The second Armadillo release of the 7.* series came out a few weeks ago: version 7.200.2. And RcppArmadillo version 0.7.200.2.0 is now on CRAN and uploaded to Debian. This followed the usual thorough reverse-dependecy checking of by now over 240 packages using it. For once, I let it simmer a little preparing only a package update via the GitHub repo without preparing a CRAN upload to lower the update frequency a little. Seeing that Conrad has started to release 7.300.0 tarballs, the time for a (final) 7.200.2 upload was now right. Just like the previous, it now requires a recent enough compiler. As g++ is so common, we explicitly test for version 4.6 or newer. So if you happen to be on an older RHEL or CentOS release, you may need to get yourself a more modern compiler. R on Windows is now at 4.9.3 which is decent (yet stable) choice; the 4.8 series of g++ will also do. For reference, the current LTS of Ubuntu is at 5.4.0, and we have g++ 6.1 available in Debian testing.

Red Hat and Fedora

Leftovers: Debian

  • Debian LGBTIQA+
    I have a long overdue blog entry about what happened in recent times. People that follow my tweets did catch some things. Most noteworthy there was the Trans*Inter*Congress in Munich at the start of May. It was an absolute blast. I met so many nice and great people, talked and experienced so many great things there that I'm still having a great motivational push from it every time I think back. It was also the time when I realized that I in fact do have body dysphoria even though I thought I'm fine with my body in general: Being tall is a huge issue for me. Realizing that I have a huge issue (yes, pun intended) with my length was quite relieving, even though it doesn't make it go away. It's something that makes passing and transitioning for me harder. I'm well aware that there are tall women, and that there are dedicated shops for lengthy women, but that's not the only thing that I have trouble with. What bothers me most is what people read into tall people: that they are always someone they can lean on for comfort, that tall people are always considered to be self confident and standing up for themselves (another pun, I know ... my bad).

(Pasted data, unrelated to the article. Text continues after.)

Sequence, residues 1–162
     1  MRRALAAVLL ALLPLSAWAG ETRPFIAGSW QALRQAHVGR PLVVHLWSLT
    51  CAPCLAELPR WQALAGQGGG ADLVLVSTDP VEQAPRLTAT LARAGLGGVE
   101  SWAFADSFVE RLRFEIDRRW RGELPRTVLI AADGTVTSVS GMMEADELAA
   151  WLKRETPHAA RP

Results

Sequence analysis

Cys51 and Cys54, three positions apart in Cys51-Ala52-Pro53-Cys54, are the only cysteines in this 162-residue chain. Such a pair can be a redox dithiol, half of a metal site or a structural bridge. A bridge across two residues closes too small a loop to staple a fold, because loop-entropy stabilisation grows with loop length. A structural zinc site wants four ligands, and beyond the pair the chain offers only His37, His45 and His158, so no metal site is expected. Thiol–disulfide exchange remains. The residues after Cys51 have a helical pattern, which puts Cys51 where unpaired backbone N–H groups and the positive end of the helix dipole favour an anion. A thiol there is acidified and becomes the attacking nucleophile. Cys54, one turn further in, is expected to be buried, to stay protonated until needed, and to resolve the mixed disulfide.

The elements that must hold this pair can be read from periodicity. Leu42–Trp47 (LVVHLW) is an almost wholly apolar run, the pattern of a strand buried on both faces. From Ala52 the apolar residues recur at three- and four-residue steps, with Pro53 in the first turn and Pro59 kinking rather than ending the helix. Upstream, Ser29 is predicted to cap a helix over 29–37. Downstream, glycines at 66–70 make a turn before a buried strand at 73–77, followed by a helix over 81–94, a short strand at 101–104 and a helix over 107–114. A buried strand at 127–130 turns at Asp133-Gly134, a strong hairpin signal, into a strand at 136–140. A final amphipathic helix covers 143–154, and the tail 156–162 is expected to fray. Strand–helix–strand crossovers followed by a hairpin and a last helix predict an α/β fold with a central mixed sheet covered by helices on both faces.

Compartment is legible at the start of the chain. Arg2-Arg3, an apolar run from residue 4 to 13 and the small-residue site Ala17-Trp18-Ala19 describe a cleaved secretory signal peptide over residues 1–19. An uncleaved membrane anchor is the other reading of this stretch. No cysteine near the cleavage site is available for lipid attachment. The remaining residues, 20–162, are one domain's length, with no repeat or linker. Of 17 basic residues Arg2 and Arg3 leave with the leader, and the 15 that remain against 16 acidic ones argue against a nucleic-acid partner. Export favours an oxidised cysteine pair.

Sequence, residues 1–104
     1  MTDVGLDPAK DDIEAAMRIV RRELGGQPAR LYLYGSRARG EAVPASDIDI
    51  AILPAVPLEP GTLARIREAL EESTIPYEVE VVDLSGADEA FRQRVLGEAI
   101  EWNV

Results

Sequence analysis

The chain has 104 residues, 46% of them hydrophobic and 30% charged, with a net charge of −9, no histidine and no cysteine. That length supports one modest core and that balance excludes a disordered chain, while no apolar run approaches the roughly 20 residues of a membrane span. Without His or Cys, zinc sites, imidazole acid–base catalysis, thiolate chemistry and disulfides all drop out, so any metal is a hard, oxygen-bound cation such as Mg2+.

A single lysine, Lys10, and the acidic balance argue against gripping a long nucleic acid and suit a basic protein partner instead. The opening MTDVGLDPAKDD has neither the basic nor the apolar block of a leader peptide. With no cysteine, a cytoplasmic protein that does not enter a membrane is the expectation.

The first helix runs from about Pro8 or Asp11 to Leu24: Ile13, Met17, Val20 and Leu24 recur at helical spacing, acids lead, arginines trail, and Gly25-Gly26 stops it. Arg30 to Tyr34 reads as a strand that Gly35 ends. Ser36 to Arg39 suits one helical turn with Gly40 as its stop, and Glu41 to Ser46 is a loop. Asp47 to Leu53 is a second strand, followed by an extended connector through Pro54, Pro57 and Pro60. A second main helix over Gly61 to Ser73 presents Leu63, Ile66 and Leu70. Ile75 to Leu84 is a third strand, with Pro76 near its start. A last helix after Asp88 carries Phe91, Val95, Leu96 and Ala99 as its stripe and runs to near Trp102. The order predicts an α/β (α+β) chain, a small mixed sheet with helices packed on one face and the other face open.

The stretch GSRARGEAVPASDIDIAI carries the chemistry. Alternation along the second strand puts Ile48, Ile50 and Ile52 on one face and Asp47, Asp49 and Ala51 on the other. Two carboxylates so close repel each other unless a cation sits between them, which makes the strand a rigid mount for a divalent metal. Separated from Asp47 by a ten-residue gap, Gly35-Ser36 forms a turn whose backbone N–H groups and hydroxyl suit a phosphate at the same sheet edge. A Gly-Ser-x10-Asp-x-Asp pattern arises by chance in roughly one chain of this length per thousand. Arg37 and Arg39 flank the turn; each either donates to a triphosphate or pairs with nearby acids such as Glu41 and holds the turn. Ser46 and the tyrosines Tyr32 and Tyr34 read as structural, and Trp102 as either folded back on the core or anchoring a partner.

• [GSOC] Week 8&9 Report
    This particular week has been tiresome as I did catch a cold ;). I did come back from Cape Town where debconf taking place. My arrival at Montreal was in the middle of the week, so this week is not plenty of news…
  • Debian on Jetson TK1
    I became interested in running Debian on NVIDIA's Tegra platform recently. NVIDIA is doing a great job getting support for Tegra upstream (u-boot, kernel, X.org and other projects). As part of ensuring good Debian support for Tegra, I wanted to install Debian on a Jetson TK1, a development board from NVIDIA based on the Tegra K1 chip (Tegra 124), a 32-bit ARM chip.
  • RC bugs 2016/01-29

Android Leftovers